By Derek Smith
Pictured here is a wonderful photo of the Tashmoo,(circa 1935) its decks are crowded with excited passengers, as it readies for departure from the Harsen’s Island pier, outward bound for the White Star dock in Port Huron. It appears everyone has on their Sunday finery, having spent a relaxing, sun-filled day with the family at Tashmoo Park.
During the summer months, approximately 250,000 people would travel to the island to enjoy the amenities offered by the island and its park. Of course, there was a baseball diamond, picnic tables, swings, and rides(merry-go-round) as well as a dance pavilion and casino. The park was operated between 1897 and 1951. There are still remnants of the Tashmoo Park on the island today. A part of the pavilion still stands and is employed as a boat storage facility.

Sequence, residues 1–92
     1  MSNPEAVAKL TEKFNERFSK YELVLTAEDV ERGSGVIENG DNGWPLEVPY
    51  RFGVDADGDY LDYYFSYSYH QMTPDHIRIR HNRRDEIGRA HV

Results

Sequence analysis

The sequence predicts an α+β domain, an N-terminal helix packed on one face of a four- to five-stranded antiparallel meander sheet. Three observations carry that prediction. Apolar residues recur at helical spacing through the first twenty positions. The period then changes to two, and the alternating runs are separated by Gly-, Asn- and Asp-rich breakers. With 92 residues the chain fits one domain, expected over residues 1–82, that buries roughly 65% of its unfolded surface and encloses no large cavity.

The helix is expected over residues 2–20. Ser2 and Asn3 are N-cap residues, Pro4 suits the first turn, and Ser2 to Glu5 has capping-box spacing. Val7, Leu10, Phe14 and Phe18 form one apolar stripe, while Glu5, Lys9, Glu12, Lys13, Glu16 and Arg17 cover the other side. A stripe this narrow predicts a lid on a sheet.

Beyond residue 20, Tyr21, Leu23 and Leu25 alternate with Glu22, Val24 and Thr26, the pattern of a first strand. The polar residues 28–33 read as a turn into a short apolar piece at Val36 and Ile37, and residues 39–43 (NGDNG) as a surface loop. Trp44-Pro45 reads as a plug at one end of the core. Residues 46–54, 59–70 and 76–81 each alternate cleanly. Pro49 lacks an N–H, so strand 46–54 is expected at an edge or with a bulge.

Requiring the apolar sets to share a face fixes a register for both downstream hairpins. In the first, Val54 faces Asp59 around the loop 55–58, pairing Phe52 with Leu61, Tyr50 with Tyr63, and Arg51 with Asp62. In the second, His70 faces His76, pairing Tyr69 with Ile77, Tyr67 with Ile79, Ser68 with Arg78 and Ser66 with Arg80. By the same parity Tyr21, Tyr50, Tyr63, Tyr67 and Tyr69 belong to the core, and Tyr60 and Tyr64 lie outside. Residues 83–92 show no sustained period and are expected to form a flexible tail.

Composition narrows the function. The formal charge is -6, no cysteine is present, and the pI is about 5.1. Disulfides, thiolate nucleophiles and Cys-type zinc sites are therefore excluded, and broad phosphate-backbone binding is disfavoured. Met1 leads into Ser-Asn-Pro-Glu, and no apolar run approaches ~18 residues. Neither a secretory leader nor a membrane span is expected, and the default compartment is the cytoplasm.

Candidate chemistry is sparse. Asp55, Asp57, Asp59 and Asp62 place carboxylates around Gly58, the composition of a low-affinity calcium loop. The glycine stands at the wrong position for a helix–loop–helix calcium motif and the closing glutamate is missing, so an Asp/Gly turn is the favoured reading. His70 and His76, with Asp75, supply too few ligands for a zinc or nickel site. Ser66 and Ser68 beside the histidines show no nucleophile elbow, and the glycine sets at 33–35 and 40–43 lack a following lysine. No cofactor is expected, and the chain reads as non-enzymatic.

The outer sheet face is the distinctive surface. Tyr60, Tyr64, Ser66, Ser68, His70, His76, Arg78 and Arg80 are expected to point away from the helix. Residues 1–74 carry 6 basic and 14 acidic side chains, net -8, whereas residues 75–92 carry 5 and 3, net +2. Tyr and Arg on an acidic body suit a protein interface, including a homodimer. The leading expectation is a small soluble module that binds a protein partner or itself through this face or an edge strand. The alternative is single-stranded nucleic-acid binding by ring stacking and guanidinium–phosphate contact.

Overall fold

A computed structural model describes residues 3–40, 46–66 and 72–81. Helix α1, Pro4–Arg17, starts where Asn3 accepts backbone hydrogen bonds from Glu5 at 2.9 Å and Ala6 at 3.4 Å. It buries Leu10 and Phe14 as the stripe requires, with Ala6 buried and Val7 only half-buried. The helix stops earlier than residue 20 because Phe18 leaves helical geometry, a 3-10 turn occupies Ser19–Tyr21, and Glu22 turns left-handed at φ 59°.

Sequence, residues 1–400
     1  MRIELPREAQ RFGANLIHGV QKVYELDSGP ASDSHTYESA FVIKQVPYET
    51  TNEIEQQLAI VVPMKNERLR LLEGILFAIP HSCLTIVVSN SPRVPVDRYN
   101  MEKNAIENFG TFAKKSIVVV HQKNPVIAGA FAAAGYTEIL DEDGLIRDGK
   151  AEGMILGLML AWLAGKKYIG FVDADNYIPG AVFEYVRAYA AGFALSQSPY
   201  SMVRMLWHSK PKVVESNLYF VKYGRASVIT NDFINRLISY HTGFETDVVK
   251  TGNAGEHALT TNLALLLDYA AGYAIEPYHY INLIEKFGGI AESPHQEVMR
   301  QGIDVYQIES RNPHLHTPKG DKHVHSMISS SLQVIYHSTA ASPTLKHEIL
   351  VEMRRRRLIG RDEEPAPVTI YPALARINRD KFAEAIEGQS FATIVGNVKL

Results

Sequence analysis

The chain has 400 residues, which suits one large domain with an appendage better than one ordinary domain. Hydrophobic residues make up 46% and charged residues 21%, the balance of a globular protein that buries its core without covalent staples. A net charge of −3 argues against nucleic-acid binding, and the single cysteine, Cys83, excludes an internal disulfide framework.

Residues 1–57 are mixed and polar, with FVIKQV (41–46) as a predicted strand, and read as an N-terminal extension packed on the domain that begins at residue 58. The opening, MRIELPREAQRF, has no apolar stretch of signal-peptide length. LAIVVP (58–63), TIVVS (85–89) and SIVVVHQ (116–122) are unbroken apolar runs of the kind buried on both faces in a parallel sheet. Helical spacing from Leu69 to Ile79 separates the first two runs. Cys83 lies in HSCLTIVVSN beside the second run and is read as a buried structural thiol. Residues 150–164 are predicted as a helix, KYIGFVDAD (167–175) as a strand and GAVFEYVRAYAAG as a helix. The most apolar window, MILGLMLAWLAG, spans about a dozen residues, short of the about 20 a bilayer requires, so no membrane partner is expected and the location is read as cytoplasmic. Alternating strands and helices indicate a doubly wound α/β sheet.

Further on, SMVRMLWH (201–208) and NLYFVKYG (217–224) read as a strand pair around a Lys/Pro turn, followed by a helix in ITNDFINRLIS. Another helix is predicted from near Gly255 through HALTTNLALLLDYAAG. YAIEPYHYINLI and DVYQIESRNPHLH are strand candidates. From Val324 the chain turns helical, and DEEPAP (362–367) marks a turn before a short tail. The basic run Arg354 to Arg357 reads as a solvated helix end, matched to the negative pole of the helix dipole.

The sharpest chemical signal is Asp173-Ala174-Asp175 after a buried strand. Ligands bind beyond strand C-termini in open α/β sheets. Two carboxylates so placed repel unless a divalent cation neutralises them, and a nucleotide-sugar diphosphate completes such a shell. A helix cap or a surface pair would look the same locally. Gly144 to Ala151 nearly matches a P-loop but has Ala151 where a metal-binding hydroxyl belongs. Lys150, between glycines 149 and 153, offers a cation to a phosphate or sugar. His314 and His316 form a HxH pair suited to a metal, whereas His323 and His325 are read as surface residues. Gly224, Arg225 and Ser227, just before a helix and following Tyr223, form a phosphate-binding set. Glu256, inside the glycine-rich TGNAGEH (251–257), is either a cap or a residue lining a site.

The Tashmoo would make twice-daily stops traveling from Detroit and Port Huron. The steamer adopted its name from Tashmoo Park, the park supposedly named after Tashmoo Lake on Martha’s Vineyard. The 306-foot Tashmoo made its maiden voyage on June 6, 1900, her paddle was powered by a triple expansion steam engine, which provided plenty of speed when needed.
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On June 18th, 1936, she made her final voyage, she was carrying 1400 passengers to Detroit from Sugar Island when she struck a rock and began to drink water. Her crew managed to nurse the Tashmoo into the Brunner-Mood dock in Amherstburg, Ontario, where the passengers were able to disembark safely.
There she would find a resting place in 18 feet of water. It was thought she could be saved but her damages were too severe, She would eventually be towed by tugs to Boblo Island for removal of those powerful engines. Her final voyage was to a River Rouge dry dock where she was cut up for scrap, its steel more than likely finding its way into a motor car.